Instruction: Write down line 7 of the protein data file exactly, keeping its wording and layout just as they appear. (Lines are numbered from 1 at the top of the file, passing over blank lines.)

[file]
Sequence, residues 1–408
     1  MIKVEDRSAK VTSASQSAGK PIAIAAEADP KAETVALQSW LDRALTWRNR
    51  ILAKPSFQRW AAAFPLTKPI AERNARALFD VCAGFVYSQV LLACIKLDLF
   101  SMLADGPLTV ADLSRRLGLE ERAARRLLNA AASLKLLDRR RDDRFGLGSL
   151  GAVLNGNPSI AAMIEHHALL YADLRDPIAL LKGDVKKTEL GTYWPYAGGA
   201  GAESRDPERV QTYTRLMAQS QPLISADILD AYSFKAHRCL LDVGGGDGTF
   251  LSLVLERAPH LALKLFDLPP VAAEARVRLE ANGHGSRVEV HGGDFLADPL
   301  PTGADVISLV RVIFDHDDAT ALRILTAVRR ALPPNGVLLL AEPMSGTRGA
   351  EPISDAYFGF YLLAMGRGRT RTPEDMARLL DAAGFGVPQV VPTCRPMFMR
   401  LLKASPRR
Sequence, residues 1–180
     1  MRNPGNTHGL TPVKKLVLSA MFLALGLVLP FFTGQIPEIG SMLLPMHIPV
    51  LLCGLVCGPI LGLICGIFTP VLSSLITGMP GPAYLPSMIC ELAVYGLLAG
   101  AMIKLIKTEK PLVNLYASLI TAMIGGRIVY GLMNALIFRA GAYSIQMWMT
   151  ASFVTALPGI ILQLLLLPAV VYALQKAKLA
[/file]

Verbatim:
   251  LSLVLERAPH LALKLFDLPP VAAEARVRLE ANGHGSRVEV HGGDFLADPL